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Survey reveals many feel a physical impact from their diet


Survey reveals many feel a physical impact from their diet

You feel what you eat — a new survey has found 93% of people surveyed feel a “physical impact” from what they eat, and many are being left feeling tired.

The poll of a wide range of adults found many feel either tired (54%), frustrated (22%) or even sad (17%) by the time their day is done, and many credit their diet to the cause. Overall, 20% reported their diets were “very healthy”, while 16% were willing to admit it was unhealthy. Nineteen percent even felt like their diet failed to meet all of their nutritional needs.

Nearly one in four women (23%) were especially concerned that their diet didn’t meet their needs, compared to just 13% of men who felt the same way. One in five asked said they don’t even have the slightest idea where their food comes from.

Commissioned by Daily Harvest and conducted by OnePoll, the study found 18% are unaware of the origins of their weekly groceries and a quarter (24%) “rarely” or “never” inspect the nutritional labels of the groceries they purchase. Only 18% will always examine the nutritional labels of what foods they buy and 47% have come across ingredients they didn’t recognize on their favorite foods.

Gen Z was found to be the most savvy when it came to examining the labels of their favorite foods (75%), while seniors over the age of 78 and millennials were the least likely to look before they eat (27% and 23%, respectively). Many admitted they would feel more motivated to purchase sustainably sourced food more often if it’s healthier for them to eat (48%), can improve their heart health (32%) or help them manage their weight (26%).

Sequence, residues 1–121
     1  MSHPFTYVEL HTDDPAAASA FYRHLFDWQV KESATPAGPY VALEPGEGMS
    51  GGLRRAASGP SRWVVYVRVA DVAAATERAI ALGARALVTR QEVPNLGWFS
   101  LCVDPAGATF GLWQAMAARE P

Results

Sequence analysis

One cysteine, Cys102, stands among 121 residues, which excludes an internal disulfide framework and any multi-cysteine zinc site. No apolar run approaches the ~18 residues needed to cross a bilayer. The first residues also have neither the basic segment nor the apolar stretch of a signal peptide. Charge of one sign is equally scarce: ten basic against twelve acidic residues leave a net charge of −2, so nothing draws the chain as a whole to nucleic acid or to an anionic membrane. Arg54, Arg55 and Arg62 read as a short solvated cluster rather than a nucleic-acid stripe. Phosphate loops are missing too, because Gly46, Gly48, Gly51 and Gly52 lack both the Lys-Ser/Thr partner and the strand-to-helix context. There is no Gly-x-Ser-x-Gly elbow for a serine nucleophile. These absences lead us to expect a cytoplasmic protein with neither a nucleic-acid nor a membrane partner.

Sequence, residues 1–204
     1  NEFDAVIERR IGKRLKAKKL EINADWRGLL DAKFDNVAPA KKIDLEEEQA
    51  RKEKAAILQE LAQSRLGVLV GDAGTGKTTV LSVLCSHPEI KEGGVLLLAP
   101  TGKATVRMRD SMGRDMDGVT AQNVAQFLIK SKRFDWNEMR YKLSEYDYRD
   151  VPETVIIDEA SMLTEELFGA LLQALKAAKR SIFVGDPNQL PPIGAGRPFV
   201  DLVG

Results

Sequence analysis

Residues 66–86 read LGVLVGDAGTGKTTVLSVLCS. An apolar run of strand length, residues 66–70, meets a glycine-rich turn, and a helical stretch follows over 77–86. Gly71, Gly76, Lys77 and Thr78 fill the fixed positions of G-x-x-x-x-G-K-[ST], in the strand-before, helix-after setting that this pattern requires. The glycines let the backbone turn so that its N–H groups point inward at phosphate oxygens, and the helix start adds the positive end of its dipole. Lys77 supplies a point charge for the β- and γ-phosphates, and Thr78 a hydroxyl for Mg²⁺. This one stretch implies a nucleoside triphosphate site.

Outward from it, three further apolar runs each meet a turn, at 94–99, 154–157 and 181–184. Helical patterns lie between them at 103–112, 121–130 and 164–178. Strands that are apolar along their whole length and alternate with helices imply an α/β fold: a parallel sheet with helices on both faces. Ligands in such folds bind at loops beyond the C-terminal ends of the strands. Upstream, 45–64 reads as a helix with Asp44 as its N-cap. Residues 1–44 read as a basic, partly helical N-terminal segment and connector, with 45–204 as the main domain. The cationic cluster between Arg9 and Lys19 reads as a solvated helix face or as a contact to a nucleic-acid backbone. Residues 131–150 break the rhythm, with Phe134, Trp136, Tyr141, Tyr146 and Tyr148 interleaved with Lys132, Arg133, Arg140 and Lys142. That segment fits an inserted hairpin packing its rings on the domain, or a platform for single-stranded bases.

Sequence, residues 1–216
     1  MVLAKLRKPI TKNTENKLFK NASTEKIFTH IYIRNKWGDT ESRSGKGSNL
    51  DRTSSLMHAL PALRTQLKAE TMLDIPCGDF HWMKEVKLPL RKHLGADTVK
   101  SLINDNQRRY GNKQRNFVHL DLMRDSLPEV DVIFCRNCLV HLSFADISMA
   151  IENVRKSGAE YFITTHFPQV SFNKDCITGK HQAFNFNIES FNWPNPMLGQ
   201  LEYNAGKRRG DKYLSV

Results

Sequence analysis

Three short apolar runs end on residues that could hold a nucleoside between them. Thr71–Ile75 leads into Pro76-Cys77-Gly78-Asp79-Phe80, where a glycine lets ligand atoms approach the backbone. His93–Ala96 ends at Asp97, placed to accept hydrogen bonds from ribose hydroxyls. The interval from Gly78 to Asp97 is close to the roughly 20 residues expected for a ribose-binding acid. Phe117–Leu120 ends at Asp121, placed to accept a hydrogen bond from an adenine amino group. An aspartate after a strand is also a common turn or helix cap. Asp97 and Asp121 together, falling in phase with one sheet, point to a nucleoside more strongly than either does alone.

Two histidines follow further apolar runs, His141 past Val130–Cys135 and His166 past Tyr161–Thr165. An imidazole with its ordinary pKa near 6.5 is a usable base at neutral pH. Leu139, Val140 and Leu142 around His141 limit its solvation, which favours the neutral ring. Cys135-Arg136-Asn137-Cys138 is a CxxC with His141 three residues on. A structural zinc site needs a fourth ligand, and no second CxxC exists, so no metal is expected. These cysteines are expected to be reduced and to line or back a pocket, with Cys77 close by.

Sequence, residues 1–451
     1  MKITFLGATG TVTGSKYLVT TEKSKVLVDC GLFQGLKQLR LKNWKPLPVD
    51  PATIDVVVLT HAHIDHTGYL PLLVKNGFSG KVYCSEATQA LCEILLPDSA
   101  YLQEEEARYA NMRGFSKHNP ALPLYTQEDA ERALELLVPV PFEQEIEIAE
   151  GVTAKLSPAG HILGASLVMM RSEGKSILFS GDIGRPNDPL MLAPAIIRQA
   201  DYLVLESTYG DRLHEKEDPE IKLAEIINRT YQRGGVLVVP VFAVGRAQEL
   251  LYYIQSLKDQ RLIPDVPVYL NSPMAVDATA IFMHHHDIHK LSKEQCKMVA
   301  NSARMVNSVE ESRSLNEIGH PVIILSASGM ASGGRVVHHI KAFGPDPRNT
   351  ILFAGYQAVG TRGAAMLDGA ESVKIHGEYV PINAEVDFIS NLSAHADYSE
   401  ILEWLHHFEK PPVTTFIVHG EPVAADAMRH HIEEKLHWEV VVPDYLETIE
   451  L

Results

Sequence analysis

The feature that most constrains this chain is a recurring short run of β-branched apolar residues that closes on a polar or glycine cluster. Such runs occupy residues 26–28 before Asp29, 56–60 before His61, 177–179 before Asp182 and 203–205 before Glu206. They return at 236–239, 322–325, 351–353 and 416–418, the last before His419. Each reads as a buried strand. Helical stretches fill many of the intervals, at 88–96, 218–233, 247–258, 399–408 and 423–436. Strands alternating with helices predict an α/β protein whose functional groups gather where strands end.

The survey also took a look at how many are receiving their health and wellness information. While 42% still rely on their doctor as their primary source of health trends, a third instead turn their sights to either social media (35%) or their family and friends (33%). Those who use social media for their health info claim the best platforms to use are Facebook (71%), Instagram (44%), and of course, TikTok (41%).

Only a third believe social media has had a positive impact on how they view their health. More than a quarter (28%) also credit social media for having the biggest impact on the popularity of GLP-1 medications — drugs intended for use in diabetes patients, but have found a new off-label use for weight loss.

Over one-third (37%) said they’d be willing to try a GLP-1 medication to lose weight, with millennials as the most likely to try the new medications to lose weight (48%) and seniors over the age of 59 the least likely (66%). Gen Z also seemed to be in favor of the new medications (44%), but were willing to do more research on the meds beforehand than millennials (78%, compared to 75%).

The new medications were also found to be more appealing to those with self-described “very healthy” diets than those who didn’t (53%, compared to 37% who admit to not having healthy diets).

A larger percentage said they’d stay away from it (45%), citing their hesitations as being unsure about the long-term effects of GLP-1s (42%), not having a medical need for them (35%) or not being able to afford them (23%).


  • To eat healthier overall – 48%
  • Improve my heart health – 32%
  • Weight management – 26%
  • In order boost my energy – 25%
  • Manage my stress levels – 20%

Survey methodology: This random double-opt-in survey of 2,000 general population Americans was commissioned by Daily Harvest between Jan 2 and Jan 4, 2024. It was conducted by market research company OnePoll, whose team members are members of the Market Research Society and have corporate membership to the American Association for Public Opinion Research (AAPOR) and the European Society for Opinion and Marketing Research (ESOMAR).

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